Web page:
Although there is no cure for PsA, most patients have their disease under control and lead meaningful lives. Sustained and increasing research is necessary. Specialised and dedicated PsA clinics may result in better outcomes. Some patients may require the care from different specialties including rheumatology, dermatology, gastroenterology and ophthalmology to manage manifestations in bone / joint, skin, inflammation of bowel, and inflammation of eyes.
Currently, there are various good drug treatments that can reduce joint swelling and pain, slow down joint damage and preserve function. Some drugs can control both skin and joint disease.
a) NSAIDs (non-steroidal anti-inflammatory drugs) like diclofenac acid or COX-2 inhibitors are helpful in reducing pain and stiffness. Reducing pain is important as it makes you more comfortable. However, these drugs will only reduce the symptoms and do not slow down the progression of the disorder.
b) DMARDs (disease modifying anti-rheumatic drugs) are needed for majority of patients. They reduce swelling and inflammation and slow down joint damage. These include methotrexate, sulphasalazine, leflunomide and cyclosporine. Steroids can also be injected directly to a joint to relief pain and swelling. However, oral steroids should be avoided because of significant side-effects. Stopping steroids suddenly may also trigger a flare in psoriasis skin lesions. Your doctor is the best judge on which drugs to use.
c) There is now two groups of drugs call biological (-b) DMARDs and (-ts) targeted synthetic DMARDs, which can control the disease quickly and greatly slow down joint damage. bDMARDs are given as injections, while tsDMARDs are drug given orally. They control the inflammation by blocking specific pathways in the immune system rather than blocking it generally in the case of traditional DMARDs. They are very effective in controlling both arthritis and skin disease and have improved the quality of life and prognosis of many patients since early 2000. 30-50% of patients may need these treatments in long term. Your doctor is the best judge on which drugs to use.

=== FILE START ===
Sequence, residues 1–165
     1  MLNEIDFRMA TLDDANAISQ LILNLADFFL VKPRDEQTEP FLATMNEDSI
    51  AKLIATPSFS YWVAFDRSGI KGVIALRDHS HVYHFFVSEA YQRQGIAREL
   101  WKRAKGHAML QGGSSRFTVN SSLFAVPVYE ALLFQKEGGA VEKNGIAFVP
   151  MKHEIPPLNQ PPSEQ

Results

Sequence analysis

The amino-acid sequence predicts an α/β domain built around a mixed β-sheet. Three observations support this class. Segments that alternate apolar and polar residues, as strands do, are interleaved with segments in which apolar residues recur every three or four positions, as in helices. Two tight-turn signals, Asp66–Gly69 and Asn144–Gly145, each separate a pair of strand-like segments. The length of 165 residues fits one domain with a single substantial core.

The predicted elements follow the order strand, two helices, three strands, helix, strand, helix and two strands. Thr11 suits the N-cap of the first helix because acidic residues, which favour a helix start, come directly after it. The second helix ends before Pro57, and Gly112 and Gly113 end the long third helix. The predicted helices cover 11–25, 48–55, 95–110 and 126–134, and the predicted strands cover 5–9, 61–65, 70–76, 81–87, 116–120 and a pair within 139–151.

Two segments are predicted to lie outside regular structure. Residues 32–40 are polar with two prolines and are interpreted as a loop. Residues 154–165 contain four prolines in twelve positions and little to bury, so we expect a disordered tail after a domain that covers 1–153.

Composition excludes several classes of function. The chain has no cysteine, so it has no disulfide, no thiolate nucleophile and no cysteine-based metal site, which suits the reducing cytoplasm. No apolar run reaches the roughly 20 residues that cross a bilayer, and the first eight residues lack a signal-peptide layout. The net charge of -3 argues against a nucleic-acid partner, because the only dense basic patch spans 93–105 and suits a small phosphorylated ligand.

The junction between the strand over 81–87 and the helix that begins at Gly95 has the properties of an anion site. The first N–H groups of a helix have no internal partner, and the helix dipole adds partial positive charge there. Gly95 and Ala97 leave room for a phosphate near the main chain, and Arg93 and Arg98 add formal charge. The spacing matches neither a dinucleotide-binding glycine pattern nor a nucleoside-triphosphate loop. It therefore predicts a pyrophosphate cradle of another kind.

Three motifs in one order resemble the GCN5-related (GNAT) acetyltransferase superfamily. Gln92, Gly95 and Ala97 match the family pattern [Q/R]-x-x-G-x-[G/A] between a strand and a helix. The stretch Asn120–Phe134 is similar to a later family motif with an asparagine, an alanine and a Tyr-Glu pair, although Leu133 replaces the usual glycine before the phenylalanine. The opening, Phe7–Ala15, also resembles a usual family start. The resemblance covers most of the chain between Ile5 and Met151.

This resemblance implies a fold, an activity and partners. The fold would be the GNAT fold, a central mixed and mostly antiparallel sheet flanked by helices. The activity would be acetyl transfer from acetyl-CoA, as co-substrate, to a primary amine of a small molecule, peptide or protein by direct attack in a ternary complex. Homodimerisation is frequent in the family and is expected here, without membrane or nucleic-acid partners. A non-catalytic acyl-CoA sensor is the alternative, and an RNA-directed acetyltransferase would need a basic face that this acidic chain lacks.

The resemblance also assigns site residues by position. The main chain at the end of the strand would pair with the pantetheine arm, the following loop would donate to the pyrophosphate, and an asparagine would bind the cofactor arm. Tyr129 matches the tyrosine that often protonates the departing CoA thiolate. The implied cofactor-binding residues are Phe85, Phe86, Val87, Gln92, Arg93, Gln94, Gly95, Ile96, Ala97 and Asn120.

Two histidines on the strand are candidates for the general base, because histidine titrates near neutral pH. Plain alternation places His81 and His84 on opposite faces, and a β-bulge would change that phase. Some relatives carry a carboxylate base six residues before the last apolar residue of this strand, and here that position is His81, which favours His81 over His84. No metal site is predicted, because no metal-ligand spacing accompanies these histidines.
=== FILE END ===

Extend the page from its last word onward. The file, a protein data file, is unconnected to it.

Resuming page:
Once the inflammation is under control and you have less pain, it is important to rebuild the muscle and ligaments weakened by the arthritis. Exercise rebuilds muscle strength which can aid to stabilise the joints. Apart from strengthening the muscles, exercise also help you to reduce weight, or maintain weight. Body fat and obesity trigger more inflammation in the body and will worsen both your skin and arthritis. A healthy diet is obviously as important in weight control.
While some sports may stress the joints excessively and are not suitable, most gentle exercises like jogging, walking, swimming are good to keep you strong. It is important not to exercise the acutely swollen and painful joints. Your physiotherapist is the best person to ask for advice.
Sometimes surgery is necessary to correct joint deformities or to replace a completely destroyed joint.